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#ActualKhatharr

Posted 30 December 2012 - 04:19 PM

Aye, some guru once said something like, "The fastest and most error free code is that code which is never written."

The idea being that reducing work by having good structure is very nearly always better than optimizing the individual routines. In production code it's almost a sin to try and low-level optimize something that a profiler hasn't singled out and can't be refactored out. If you're getting paid to code something and you spend 5 hours on an optimization that gets factored out the next day you just wasted 5 hours of paid work. Sometimes I'll get 'the bug' (in my brain) and optimize something until it's ridiculous, but I always do so knowing that it's a pointless exercise, and I usually think up several ways to factor the code out even while I'm in the midst of my madness.

I posted something a while ago about an xor encryptor that I was playing with (it was making my hard disk stall and make a weird grinding noise). I optimized it by actually compiling bytecode for the encryption at runtime and then executing it, which is ridiculously fast, but the fact is that the choke-point in that app is the disk IO. I knew from the start that if I were to run the old (non-optimized) code while the app was async reading into the next buffer it would completely mask the encryption time, resulting in better performance without the tomfoolery. I just wanted to play with assembly for a while.

#4Khatharr

Posted 30 December 2012 - 04:18 PM

<p>Aye, some guru once said something like, &quot;The fastest and most error free code is that code which is never written.&quot;<br />
<br />
The idea being that reducing work by having good structure is very nearly always better than optimizing the individual routines. In production code it's almost a sin to try and low-level optimize something that a profiler hasn't singled out and can't be refactored out. If you're getting paid to code something and you spend 5 hours on an optimization that gets factored out the next day you just wasted 5 hours of paid work. Sometimes I'll get 'the bug' (in my brain) and optimize something until it's ridiculous, but I always do so knowing that it's a pointless exercise, and I usually think up several ways to factor the code out even while I'm in the midst of my madness.</p>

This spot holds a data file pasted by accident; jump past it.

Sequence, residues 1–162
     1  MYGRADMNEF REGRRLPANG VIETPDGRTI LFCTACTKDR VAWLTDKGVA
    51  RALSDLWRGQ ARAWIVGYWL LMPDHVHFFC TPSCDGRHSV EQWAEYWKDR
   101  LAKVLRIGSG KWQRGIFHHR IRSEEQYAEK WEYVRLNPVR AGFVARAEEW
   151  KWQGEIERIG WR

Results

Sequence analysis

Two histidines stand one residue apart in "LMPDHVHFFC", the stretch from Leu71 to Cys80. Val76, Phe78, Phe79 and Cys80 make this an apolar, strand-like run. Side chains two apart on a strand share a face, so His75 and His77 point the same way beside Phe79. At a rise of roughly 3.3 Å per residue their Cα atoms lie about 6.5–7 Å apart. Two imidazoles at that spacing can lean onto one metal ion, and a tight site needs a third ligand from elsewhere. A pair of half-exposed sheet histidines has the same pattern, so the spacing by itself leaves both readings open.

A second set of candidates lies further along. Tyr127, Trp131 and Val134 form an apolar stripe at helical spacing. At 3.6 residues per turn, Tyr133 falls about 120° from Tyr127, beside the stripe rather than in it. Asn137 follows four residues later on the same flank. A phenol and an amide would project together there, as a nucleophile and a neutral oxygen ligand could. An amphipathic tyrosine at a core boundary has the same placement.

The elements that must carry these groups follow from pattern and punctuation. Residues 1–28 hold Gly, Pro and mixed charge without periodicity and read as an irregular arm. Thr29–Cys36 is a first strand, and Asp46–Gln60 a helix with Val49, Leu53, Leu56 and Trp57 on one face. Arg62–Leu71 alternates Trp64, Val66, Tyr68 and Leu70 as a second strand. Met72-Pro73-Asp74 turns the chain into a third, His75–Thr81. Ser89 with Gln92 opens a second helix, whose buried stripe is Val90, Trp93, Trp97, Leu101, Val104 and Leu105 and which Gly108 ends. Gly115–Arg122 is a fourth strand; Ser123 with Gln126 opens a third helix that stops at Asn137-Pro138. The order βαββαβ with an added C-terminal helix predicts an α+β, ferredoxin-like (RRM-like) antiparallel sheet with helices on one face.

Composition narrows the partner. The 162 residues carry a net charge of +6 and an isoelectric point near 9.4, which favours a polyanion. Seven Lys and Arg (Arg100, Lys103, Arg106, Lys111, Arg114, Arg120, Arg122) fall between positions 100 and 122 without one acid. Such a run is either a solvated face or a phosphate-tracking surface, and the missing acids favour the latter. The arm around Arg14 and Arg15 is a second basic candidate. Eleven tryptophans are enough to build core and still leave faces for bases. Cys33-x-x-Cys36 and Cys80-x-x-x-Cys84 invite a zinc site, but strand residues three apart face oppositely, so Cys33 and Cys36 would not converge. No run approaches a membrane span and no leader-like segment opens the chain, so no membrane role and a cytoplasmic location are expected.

<p>&nbsp;</p>
<p>I posted something a while ago about an xor encryptor that I was playing with (it was making my hard disk stall and make a weird grinding noise). I optimized it by actually compiling bytecode for the encryption at runtime and then executing it, which is ridiculously fast, but the fact is that the choke-point in that app is the disk IO. I knew from the start that if I were to run the old (non-optimized) code while the app was async reading into the next buffer it would completely mask the encryption time, resulting in better performance without the tomfoolery.</p>

#3Khatharr

Posted 30 December 2012 - 04:11 PM

Aye, some guru once said something like, "The fastest and most error free code is that code which is never written."

The idea being that reducing work by having good structure is very nearly always better than optimizing the individual routines. In production code it's almost a sin to try and low-level optimize something that a profiler hasn't singled out and can't be refactored out.

#2Khatharr

Posted 30 December 2012 - 04:11 PM

<p>Aye, some guru once said something like, &quot;The fastest and most error free code is that code which is never written.&quot;</p>
<p>&nbsp;</p>
<p>The idea being that reducing work by having good structure is very nearly always better than optimizing the individual routines. In production code it's almost a sin to try and low-level optimize something that a profiler hasn't singled out and can't be refactored out.</p>

#1Khatharr

Posted 30 December 2012 - 04:08 PM

Aye, some guru once said something like, "The fastest and most error free code is that code which is never written."


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